Women with Alcohol and Substance Use Disorders Will No Longer Be Sent to MCI Framingham – Governor Signs Bill that Gets Women the Treatment They Need and Deserve

A new law will go into effect 90 days after it was signed by Governor Baker on January 25, 2016. This law ends the civil commitment of women with alcohol and substance use disorders to prison.

Chief Counsel Benedetti said, “The practice of sending women to Framingham who are struggling with alcohol and substance use has ended.  This is a tremendous step that will aid many of our clients.  It is also encouraging to see that Massachusetts has come to understand that placing persons with alcohol and substance use disorders in facilities used to house persons convicted of criminal offenses should not and cannot replace those providing treatment services.” 

According to Health and Human Services Secretary Marylou Sudders, “By Feb. 9, fifteen beds at Taunton State Hospital will be available for women under the civil commitment process known as ‘Section 35’.  Twenty-eight new beds have opened at the Lemuel Shattuck Hospital in Jamaica Plain, where nurses are still being hired.”  She continued, “There are six women now civilly committed for substance abuse at Framingham who will either move to the hospitals or end their commitment before then.”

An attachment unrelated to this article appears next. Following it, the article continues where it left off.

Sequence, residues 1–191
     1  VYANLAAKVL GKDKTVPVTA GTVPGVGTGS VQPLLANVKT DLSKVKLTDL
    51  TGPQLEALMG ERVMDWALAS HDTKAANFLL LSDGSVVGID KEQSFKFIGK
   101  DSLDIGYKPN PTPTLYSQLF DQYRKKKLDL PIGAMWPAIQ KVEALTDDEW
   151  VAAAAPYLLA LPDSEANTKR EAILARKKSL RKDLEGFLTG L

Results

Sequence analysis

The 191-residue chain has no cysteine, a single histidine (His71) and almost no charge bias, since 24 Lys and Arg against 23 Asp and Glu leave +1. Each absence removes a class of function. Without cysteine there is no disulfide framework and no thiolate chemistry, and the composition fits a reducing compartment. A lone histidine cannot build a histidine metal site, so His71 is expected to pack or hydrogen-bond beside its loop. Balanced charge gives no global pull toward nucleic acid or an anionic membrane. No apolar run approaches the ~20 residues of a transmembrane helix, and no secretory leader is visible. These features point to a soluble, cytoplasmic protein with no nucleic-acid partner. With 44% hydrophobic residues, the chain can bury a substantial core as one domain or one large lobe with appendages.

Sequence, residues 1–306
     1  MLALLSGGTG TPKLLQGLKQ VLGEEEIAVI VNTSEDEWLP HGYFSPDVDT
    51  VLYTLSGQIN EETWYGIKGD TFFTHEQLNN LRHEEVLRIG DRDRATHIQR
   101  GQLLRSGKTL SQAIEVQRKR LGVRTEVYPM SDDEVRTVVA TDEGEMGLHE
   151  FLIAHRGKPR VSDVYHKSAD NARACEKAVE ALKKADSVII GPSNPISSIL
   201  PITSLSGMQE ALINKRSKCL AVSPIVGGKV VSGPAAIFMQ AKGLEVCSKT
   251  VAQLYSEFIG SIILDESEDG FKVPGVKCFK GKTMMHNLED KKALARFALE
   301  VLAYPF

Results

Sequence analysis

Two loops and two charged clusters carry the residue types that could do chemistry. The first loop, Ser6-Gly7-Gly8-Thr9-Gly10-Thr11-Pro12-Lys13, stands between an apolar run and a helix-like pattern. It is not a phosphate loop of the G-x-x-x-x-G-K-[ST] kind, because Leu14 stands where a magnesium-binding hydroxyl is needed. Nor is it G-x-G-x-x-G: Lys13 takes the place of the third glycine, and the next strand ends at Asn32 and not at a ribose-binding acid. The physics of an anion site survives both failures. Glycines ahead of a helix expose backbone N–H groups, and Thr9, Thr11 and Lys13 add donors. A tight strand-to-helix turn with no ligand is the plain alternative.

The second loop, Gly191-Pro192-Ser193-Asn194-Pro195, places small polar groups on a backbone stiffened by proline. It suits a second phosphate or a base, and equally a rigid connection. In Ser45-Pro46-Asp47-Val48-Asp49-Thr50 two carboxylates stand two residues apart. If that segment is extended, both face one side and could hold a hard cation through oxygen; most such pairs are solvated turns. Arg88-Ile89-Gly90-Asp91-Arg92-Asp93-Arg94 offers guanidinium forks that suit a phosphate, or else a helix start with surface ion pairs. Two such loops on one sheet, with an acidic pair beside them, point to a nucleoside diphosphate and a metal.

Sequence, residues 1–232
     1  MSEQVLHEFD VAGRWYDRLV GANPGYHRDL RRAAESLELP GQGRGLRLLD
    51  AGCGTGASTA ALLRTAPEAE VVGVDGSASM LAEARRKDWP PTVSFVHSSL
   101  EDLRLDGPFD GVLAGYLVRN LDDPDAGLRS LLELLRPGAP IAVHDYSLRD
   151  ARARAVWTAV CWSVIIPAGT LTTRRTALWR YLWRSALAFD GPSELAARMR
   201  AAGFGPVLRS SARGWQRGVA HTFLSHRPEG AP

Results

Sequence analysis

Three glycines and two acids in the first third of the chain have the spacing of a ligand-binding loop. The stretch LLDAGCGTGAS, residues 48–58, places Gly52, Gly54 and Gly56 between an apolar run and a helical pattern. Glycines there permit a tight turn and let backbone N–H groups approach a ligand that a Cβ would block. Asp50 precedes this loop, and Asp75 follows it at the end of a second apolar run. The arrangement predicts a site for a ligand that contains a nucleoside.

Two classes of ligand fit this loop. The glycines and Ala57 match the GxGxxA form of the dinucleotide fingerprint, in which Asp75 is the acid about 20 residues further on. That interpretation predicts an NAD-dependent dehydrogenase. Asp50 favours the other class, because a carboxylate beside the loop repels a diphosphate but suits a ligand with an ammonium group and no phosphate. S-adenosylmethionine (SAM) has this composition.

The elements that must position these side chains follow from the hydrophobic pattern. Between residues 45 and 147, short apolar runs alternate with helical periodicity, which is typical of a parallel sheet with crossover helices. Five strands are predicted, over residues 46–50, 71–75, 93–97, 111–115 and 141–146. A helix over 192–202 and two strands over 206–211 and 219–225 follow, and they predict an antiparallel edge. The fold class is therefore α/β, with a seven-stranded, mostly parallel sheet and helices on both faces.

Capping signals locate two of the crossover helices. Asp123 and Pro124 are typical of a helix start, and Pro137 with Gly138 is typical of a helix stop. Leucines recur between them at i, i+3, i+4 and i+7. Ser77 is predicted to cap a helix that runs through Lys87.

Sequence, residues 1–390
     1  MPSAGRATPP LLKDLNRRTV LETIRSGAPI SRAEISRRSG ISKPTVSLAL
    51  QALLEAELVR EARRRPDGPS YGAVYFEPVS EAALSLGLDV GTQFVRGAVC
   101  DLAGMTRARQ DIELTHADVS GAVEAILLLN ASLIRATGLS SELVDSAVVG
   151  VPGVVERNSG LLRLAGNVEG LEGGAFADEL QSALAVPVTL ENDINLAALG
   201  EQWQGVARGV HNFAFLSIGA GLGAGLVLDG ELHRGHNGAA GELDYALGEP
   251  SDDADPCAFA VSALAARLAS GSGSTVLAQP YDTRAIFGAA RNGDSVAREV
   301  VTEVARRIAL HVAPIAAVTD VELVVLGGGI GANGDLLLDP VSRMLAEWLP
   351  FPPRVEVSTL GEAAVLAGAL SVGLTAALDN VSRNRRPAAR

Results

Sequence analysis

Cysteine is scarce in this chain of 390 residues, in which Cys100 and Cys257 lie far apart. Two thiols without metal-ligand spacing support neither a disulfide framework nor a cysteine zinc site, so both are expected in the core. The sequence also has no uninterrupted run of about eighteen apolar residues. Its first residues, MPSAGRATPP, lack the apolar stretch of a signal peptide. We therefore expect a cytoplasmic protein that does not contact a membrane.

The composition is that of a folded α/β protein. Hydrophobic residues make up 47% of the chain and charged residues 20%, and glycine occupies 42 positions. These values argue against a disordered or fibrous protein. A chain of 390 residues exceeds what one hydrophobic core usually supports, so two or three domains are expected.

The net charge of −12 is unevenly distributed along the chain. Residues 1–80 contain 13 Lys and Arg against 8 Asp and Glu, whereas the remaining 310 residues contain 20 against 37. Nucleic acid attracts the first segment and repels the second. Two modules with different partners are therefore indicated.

A Legislative conference committee is continuing deliberations on the remaining provisions of the Opioid bill from which the new law was generated. 

Related news articles and the Governor’s press release on the matter can be found at:   http://www.masslive.com/politics/index.ssf/2016/01/massachusetts_stops_sending_wo.html, http://www.tauntongazette.com/article/20160125/NEWS/160127299, and http://www.mass.gov/governor/press-office/press-releases/fy2016/bill-signed-ending-civil-commitment-at-mci-framingham.html